The following need to be considered when evaluating the quality of Student Teachers’ teaching over time and its impact:

  • the context and content of the sessions/lessons; where they fit within a sequence of lessons;
  • the contribution of Student Teachers’ teaching to the learning of the pupils and the progress they make over time: good pupil progress = Outstanding, expected pupil progress = Good; some pupil progress = RI. If pupils are not making any progress over time this is inadequate.
  • observations of pupils, pupils’ responses in lessons and pupils’ workbooks, with particular reference to the quality and impact of the Student Teachers’ marking, the Student Teachers’ assessment records and annotated planning; Student Teachers’ strengths against the Teachers’ Standards and sub-headings of the Teachers’ Standards and how they can improve. It is critical to avoid an atomistic approach; initial discussions should focus on the quality of the Student Teachers’ teaching and its impact on pupils’ progress and learning over time and the aspects of the Student Teachers’ teaching which support this or need to be developed further. This can then be mapped to the Teachers’ Standards.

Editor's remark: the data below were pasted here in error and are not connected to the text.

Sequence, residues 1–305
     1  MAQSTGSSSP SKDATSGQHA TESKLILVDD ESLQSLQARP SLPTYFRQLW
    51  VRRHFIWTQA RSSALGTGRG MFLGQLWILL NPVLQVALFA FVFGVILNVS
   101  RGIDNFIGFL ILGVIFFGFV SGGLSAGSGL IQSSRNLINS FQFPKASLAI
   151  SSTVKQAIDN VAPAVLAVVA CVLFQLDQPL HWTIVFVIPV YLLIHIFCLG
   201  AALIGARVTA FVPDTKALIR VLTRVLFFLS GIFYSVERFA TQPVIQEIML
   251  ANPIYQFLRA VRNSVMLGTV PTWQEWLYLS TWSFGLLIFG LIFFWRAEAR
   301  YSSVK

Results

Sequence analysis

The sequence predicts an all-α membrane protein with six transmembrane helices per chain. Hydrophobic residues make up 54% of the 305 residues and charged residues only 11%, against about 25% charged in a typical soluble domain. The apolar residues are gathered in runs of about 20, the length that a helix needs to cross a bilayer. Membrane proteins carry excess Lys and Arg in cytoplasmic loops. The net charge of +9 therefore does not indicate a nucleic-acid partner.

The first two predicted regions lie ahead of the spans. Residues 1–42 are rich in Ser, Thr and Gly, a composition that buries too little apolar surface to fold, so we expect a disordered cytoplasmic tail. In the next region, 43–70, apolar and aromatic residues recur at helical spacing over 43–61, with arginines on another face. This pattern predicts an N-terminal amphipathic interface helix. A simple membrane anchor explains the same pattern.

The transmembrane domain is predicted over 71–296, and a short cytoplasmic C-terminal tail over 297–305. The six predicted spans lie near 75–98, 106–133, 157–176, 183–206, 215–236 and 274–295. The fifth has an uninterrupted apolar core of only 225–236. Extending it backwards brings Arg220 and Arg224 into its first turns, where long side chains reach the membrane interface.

Each weekly meeting should also include:

  • Monitoring of impact and progress;
  • Reviewing and agreeing appropriately challenging short and longer term developmental targets, along with agreeing and recording what needs to be done by the Student Teacher and others to enable him/her to achieve his/her targets. Targets need to be fit for purpose, have a focus on the Teachers’ Standards and, as appropriate, be subject-specific. Targets should be written using the language of the Teachers’ Standards and grade descriptors;
  • Identifying evidence of progress;
  • Agreeing and recording related professional learning activities and actions;
  • Agreeing and recording the impact of the professional learning on the Student Teachers’ teaching and, consequently, on pupil progress and learning over time.
  • Review of evidence in school experience files.

Target setting and achieving targets